RS
RS
Joined: Feb 11, 2014
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May 10th, 2016 at 3:32:06 AM permalink
If you're a card-counter, then having a basic strategy player at your table (compared to you vs dealer heads up) obviously hurts you, because HPH goes down. If we're talking about the strategy another player uses (basic strategy vs awful strategy)....you'd be better off with someone who uses an awful strategy and very passive (ie: doesn't hit stiffs, doesn't split). Having a BS player is in the middle. And having a super aggressive player (always splitting, hitting all stiffs, etc.) tends to hurt you because he's eating up cards when the count is positive, which means fewer +EV rounds for you. If there's another card-counter at the table, then that won't really have an effect on you, really....probably more like a basic-strategy type player. But, obviously don't play at the same table as another card-counter because it'll be pretty easy to get spotted by the casino and decent chance you're playing together / as a team, and casinos reaaaally don't like that. As far as the aggressive vs passive player strategy goes.....I'd have to guess the difference in your EV is going to be pretty small, at least in a shoe game (and # of such players).

If you're a regular player (not card-counter), then the effects of someone else playing basic strategy or completely awful have absolutely no effect on you (that I can think of), at least mathematically. Having a card-counter at your table MAY hurt the basic strategy player because he MAY go from 1 spot in -EV situations and play 2 hands in +EV situations, eating up more cards in +EV situations, meaning fewer +EV rounds for you. Although, this also probably has a minimal effect.


Overall, it really doesn't make any difference whatsoever (ok, maybe a tiny sliver of a difference, if ya wanna T3-analyze it) whether it's a basic strategy player, card counter, passive or aggressive awful strategist player.
nvr55xx
nvr55xx
Joined: Jan 28, 2014
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May 17th, 2016 at 7:42:38 AM permalink
Quote: mcavanaugh8

Hello all,
I was wondering if having other players at a table impacted your probability of winning hands? If so, does it change if the player employs perfect basic strategy? Or if he is an AP? Or perhaps if he has no idea what he's doing?



While playing with a "bad" player at the table may affect you psychologically, I has almost NO effect on you mathematically, provided you don't change your basic strategy. For example: if a "bad" player at 3rd base always splits 10's, you may decide to hit with a 15 or 16 vs. 6 to "compensate" for the player's bad play.

That being said, an advantage player who enters mid-shoe during positive counts and/or leaves mid-shoe during negative counts WILL increase the house edge vs. other players. The non-counting players will play fewer hands in positive counts and fewer hands in negative counts. This is not the same thing as the "ruining the order of the cards" myth. If a player enters mid-shoe because he feels lucky or sees other players winning, this will not have a long-term impact.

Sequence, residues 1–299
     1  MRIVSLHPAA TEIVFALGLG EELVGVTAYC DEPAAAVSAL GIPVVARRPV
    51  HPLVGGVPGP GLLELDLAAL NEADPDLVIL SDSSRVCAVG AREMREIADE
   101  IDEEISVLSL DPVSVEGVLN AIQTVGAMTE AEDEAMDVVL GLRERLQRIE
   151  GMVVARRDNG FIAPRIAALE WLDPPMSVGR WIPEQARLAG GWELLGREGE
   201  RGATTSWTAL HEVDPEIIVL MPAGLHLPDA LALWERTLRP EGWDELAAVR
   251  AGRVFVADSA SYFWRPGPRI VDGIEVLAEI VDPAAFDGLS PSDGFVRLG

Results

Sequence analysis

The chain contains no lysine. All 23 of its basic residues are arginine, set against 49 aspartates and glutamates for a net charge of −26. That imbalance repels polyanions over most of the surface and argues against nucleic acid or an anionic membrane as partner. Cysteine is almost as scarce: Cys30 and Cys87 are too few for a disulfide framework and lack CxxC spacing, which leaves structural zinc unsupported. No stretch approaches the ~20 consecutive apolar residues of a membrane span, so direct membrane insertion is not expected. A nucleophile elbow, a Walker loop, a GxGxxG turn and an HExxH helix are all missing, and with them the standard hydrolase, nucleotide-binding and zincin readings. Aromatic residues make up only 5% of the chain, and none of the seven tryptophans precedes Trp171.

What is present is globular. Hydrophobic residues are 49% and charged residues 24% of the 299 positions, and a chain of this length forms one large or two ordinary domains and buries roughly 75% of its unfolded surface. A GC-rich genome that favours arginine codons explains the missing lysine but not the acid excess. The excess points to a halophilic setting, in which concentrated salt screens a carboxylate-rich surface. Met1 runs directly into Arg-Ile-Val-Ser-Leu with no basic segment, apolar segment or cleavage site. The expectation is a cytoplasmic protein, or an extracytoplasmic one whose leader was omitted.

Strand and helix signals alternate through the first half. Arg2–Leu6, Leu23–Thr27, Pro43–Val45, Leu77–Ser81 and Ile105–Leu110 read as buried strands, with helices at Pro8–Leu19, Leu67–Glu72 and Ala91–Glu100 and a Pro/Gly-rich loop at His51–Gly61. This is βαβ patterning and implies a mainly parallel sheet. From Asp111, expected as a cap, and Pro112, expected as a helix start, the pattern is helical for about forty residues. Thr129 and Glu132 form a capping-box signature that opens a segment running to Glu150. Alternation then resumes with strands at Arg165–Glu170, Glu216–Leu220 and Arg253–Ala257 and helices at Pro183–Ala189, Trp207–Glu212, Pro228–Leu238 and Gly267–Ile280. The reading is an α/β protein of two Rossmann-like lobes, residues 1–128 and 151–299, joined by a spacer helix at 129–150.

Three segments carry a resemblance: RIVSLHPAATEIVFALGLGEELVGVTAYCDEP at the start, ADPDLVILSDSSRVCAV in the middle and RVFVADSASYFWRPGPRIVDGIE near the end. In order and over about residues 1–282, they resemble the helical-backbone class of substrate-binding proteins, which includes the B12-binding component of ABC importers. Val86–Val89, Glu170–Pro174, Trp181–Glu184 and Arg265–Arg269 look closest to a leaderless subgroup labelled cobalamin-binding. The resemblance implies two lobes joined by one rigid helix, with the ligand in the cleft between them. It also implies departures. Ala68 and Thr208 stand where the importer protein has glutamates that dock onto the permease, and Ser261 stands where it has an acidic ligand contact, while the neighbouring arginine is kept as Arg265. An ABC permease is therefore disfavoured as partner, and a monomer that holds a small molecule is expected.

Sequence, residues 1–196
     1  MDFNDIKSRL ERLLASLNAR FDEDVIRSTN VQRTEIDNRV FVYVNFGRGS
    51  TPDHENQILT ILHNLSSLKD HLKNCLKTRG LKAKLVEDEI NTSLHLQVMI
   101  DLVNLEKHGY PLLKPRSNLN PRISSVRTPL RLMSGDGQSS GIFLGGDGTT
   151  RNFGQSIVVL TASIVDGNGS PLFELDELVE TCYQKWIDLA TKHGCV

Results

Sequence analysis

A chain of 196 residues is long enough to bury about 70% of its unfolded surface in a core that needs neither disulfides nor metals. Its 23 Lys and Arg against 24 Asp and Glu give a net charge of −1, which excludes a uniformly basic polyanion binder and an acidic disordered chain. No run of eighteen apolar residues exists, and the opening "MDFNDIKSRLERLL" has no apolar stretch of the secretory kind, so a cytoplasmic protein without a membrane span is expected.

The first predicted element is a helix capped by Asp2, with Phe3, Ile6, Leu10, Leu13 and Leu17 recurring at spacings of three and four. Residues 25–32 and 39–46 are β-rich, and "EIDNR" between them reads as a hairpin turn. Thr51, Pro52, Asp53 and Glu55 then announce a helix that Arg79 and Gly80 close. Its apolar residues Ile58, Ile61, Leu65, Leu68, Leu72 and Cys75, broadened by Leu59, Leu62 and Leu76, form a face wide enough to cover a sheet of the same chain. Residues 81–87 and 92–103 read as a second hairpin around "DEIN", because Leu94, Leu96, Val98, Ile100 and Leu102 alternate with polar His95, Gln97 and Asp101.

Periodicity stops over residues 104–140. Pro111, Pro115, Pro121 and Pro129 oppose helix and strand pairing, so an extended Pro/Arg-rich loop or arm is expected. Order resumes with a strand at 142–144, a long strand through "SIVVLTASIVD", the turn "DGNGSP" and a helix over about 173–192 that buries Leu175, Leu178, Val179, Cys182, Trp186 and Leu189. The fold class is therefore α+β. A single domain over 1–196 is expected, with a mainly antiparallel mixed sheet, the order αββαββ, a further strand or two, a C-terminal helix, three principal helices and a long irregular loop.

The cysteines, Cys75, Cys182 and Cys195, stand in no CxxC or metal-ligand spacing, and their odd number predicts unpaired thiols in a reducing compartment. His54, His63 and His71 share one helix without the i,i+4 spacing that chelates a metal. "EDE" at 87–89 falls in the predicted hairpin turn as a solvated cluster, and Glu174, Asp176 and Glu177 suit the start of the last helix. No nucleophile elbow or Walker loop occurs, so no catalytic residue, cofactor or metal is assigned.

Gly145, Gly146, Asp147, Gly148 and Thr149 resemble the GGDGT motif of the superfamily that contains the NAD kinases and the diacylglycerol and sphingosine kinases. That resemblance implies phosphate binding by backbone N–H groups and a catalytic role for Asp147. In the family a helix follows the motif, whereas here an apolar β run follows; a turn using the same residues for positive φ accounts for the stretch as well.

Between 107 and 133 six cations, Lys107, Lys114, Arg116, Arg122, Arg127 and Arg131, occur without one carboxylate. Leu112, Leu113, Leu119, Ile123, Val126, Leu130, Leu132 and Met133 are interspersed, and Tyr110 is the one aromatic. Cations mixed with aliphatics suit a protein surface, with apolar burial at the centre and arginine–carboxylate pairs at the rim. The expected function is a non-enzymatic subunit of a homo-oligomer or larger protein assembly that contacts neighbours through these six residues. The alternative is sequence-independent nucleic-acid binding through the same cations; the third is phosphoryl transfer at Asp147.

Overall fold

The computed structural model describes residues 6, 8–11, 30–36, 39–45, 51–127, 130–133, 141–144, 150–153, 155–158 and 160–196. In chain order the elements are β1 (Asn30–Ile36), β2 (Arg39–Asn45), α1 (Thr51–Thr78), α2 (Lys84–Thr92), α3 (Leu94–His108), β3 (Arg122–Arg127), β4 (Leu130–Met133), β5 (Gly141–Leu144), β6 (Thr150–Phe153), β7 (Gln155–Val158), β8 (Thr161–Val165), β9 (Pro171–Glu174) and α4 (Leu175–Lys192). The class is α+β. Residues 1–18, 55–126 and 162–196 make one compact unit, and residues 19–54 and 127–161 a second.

I hope this helps. Replies appreciated.
BigJer
BigJer
Joined: Sep 16, 2012
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May 27th, 2016 at 12:55:45 PM permalink
Not at all. Let's say the player had aces and certain cards come out. Now, say that the person had instead splits fives. The "order" of the cards is still the same.

Besides, the number of different ways even one deck of cards can be arranged is on the order of 10**67. If you shuffled at the rate of a billion hands a sec since the beginning of the universe it would take trillions and trillions of times over the age of this universe before you would hit 10**67. Don't even ask about a 6D shoe.
The Terror of Casinos.
Kellynbnf
Kellynbnf
Joined: May 5, 2010
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May 28th, 2016 at 7:38:05 AM permalink
Quote: BigJer

Besides, the number of different ways even one deck of cards can be arranged is on the order of 10**67. If you shuffled at the rate of a billion hands a sec since the beginning of the universe it would take trillions and trillions of times over the age of this universe before you would hit 10**67. Don't even ask about a 6D shoe.



For practical purposes in Blackjack the number of permutations would be lower since suits are irrelevant and 10/J/Q/K are all worth ten points (ignoring any special rules or side bets that make those aspects of the cards relevant).
BigJer
BigJer
Joined: Sep 16, 2012
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May 28th, 2016 at 11:03:19 AM permalink
Then 13! = 6,227,020,800 ~ 6.2 x 10**9.

6D/4 = 78 -> 78! ~ 1.13e+115
The Terror of Casinos.

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